When damselflies mate, the male grasps the female by the front end of her thorax (the pronotum); but only if she is willing! Accepting his advance is not compulsory according to Chandler and Cham (2013) in their excellent book: Dragonfly. Together they form a heart-shaped tandem that can last for up to an hour. The male has two sets of genitalia, and has already moved sperm from the main set – at the back of the abdomen – to the secondary genitalia, near the front. He must be confident about finding a mate! The female then bends her abdomen round so that the tip comes in contact with the sperm stored in the accessory genitalia, below segments 2 and 3 on the male; as shown in this photograph of Common Blue Damselflies (Enallagma cyathigerum) mating. Once her eggs have been fertilized in this way, the pair fly off together – with the male still grasping her by the back – and she lays her eggs on water. Team work!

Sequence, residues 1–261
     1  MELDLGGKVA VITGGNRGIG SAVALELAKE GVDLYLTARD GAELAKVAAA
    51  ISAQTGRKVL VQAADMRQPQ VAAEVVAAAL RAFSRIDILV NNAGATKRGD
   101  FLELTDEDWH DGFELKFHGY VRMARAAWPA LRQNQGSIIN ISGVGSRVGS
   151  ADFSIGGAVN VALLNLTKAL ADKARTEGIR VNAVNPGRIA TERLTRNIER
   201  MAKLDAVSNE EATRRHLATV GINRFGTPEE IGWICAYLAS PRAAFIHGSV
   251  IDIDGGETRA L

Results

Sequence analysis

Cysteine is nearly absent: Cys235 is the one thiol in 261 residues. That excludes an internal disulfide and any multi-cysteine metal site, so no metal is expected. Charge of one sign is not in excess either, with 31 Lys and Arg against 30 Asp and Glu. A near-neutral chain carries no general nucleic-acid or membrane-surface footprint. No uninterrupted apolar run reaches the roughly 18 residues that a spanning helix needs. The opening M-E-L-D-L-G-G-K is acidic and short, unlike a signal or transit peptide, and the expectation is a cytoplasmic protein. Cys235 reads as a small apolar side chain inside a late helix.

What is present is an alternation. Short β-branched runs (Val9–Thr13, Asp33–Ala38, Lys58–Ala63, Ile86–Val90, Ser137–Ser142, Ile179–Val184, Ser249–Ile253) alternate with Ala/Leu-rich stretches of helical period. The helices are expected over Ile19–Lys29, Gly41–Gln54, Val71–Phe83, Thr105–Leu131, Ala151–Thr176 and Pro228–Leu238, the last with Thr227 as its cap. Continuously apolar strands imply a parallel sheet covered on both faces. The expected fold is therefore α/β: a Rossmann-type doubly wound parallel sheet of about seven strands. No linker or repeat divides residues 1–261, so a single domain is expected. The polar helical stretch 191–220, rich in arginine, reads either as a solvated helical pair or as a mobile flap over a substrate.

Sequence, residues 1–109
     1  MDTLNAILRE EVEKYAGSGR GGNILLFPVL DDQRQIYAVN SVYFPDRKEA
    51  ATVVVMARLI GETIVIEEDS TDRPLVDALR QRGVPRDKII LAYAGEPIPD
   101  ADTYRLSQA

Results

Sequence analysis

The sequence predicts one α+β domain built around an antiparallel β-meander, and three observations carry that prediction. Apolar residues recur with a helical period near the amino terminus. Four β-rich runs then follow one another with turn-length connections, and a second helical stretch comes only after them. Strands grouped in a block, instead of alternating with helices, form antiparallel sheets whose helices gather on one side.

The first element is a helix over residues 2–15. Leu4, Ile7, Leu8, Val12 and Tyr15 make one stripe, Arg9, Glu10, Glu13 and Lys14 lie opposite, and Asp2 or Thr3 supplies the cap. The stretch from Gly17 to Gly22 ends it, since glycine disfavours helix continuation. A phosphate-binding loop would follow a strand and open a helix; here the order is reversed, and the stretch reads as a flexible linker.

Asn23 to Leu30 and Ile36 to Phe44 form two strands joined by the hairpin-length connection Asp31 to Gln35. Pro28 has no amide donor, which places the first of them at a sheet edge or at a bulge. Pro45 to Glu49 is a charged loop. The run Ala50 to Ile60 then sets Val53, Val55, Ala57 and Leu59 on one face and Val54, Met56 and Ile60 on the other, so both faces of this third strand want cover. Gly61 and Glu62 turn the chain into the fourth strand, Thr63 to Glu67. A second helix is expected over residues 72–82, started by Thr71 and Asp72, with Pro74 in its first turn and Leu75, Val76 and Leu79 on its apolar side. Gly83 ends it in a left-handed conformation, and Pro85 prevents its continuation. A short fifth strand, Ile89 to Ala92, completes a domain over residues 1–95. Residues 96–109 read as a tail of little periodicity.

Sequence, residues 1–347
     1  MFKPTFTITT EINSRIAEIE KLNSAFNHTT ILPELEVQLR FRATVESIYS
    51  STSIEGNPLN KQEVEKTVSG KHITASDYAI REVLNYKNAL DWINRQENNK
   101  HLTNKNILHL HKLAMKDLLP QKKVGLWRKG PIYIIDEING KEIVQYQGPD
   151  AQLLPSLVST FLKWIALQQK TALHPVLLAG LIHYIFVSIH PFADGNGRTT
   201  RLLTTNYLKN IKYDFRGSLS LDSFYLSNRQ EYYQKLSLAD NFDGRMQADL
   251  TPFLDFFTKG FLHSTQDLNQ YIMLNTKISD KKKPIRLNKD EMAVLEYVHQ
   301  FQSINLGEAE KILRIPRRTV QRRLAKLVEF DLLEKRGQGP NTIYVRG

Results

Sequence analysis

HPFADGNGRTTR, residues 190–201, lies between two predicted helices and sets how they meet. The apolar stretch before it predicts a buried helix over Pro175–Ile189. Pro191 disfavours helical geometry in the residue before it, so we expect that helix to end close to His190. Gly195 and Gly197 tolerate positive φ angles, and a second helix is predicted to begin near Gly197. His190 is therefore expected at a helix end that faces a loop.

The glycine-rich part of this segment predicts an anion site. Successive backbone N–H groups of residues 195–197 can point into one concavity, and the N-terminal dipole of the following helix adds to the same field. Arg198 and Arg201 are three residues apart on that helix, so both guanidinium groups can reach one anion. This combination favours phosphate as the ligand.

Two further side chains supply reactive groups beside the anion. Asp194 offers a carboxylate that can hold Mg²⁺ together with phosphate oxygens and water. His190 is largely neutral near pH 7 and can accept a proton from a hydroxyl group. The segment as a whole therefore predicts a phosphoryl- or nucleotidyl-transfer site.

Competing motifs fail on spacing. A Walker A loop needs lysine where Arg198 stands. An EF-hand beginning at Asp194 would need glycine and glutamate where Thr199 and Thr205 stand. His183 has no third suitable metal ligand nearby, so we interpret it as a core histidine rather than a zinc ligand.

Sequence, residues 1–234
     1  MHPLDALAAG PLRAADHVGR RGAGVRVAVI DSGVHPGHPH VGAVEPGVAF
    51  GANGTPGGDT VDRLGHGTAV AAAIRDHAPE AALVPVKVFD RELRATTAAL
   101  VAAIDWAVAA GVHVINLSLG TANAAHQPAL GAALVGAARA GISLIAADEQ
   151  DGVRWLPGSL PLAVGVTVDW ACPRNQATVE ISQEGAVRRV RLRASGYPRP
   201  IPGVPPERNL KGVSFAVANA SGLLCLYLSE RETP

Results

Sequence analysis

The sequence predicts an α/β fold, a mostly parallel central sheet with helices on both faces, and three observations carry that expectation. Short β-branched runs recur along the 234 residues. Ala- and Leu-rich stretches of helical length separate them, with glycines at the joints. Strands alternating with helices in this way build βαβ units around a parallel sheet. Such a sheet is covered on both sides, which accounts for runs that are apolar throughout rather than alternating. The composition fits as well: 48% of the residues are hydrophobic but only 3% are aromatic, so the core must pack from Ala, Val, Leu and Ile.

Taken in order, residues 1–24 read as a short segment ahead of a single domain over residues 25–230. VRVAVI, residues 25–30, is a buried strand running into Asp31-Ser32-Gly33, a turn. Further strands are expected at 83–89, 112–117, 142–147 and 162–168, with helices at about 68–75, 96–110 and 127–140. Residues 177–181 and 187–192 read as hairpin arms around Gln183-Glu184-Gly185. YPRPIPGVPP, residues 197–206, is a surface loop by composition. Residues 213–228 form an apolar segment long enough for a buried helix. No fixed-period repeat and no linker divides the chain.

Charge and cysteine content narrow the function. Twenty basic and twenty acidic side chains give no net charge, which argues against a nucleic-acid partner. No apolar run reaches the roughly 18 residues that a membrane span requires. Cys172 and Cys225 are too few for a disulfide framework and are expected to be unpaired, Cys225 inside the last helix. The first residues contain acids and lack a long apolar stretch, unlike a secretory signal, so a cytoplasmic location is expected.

I am a retired entomologist with a background in quarantine pests and invasive invertebrates. I studied zoology at Imperial College (University of London) and did a PhD on the population dynamics of a cereal aphid (Metopolophium dirhodum) in the UK. I spent 5 years with the British Antarctic Survey studing cold hardiness of Antarctic invertebates and 17 years with the Food and Environment Research Agency. My main interests now are natural history, photography, painting and bird watching.